I have been served a filed lawsuit with request to respond. I am working on my answer. The forms I cannot find are "Request for Admissions" and "Request for Productions". The courthouse does not have these forms.

Any help?

Thanks for posting this. I was scared ****less to even respond because the "plaintiff" is Captial One but the "debt collector" is suttell and hammer and they are not real lawyers so I don't trust who I'm dealing with. CO charged off my account a year ago.

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  • 1 month later...

Have come across this thread and since I have recently researched this topic, I wanted to share some information that may justify raising a DV argument in response to a Complaint, at least in certain scenarios. Any comments are welcome.

Specifically, in this situation Plaintiff ignored a DV letter and filed a Complaint. The Complaint did not attach any documents and was not specific in it's breach of contract claim (and alternatively it's unjust enrichment claim). It did not specify the date the credit card was issued, for what amount etc... It just generically stated that a credit card was opened and was breached.

One possible response is to file a Motion to Dismiss claiming the complaint is insufficient. Mass. like most states has adapted the post-Twombly standard and a bare notice pleading is no longer sufficient. Defendant is not a proper party to the action and has filed an ID theft claim.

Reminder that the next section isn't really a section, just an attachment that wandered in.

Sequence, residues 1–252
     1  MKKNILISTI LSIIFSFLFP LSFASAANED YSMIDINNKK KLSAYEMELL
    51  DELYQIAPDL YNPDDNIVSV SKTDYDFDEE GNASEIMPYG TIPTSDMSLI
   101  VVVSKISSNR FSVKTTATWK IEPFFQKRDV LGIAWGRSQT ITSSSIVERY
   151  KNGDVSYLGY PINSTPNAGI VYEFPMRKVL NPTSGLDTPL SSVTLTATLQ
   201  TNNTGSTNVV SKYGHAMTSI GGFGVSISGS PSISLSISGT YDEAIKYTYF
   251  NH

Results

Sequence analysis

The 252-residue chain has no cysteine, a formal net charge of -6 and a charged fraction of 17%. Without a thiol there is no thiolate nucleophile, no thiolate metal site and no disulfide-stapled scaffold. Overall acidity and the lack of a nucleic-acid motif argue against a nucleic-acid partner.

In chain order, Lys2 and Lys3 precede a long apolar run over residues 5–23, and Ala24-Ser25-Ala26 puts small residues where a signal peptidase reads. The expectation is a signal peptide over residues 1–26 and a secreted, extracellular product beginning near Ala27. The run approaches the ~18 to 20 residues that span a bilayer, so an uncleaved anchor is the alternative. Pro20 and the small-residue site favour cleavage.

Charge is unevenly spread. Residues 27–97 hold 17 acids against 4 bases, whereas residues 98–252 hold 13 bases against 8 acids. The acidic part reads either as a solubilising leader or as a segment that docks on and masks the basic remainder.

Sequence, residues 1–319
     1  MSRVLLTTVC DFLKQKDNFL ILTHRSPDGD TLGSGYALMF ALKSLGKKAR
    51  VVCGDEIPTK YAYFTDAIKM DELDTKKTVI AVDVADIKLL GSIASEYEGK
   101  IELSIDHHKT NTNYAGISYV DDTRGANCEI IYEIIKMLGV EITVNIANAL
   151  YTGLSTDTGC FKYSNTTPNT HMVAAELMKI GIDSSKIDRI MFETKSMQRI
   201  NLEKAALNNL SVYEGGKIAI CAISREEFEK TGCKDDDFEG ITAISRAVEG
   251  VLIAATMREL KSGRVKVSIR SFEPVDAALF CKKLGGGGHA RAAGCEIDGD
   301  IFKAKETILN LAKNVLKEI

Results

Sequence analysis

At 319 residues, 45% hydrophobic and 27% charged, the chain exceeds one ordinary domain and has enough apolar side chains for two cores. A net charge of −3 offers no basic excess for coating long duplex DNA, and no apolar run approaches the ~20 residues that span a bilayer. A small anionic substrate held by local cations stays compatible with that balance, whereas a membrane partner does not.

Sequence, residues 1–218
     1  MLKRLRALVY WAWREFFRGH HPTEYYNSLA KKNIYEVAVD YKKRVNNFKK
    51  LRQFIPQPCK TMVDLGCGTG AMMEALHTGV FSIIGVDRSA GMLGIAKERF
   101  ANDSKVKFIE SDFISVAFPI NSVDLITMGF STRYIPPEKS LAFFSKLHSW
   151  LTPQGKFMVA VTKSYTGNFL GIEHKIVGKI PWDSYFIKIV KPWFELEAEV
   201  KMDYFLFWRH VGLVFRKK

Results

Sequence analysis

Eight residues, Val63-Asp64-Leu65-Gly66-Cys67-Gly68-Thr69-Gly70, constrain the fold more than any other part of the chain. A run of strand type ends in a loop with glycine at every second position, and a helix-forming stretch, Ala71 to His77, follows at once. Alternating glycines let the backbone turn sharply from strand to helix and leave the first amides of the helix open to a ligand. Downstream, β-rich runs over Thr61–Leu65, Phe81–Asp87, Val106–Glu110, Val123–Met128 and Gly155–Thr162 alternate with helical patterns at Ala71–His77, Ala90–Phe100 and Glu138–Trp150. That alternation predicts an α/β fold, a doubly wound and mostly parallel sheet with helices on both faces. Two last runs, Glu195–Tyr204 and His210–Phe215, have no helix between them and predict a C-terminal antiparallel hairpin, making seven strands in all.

In conjunction w/ this claim, the lack of response to DV could be raised. Especially in light of the fact that the one of the primary reasons for the FDCPA was to prevent the recurring problem of debt collectors dunning the wrong person. Aside from Spears v. Brennan, there is some additional case law supporting that the absence of proper validation of a debt, when requested prior to litigation, is indeed a bar to further litigation.

Several courts have adapted Heinz v. Jenkins to determine that litigation is a collection activity and therefore cannot continue until a debt is sufficiently satisfied. If the debtor requests proof of the debt, the law requires the collector to suspend any efforts, through litigation or otherwise, to collect the debt, Bartlett v. Heibel, 128 F.3d 497, 501 (7th Cir. 1997). A litigation attorney is bound by Section 1692g(B) to cease collection efforts until a debt is verified, and as a result that cessation is to be imposed de facto on the client creditor as well, Bank of New York v. Barclay, 2004 Ohio 1217 (Ohio App., 2004)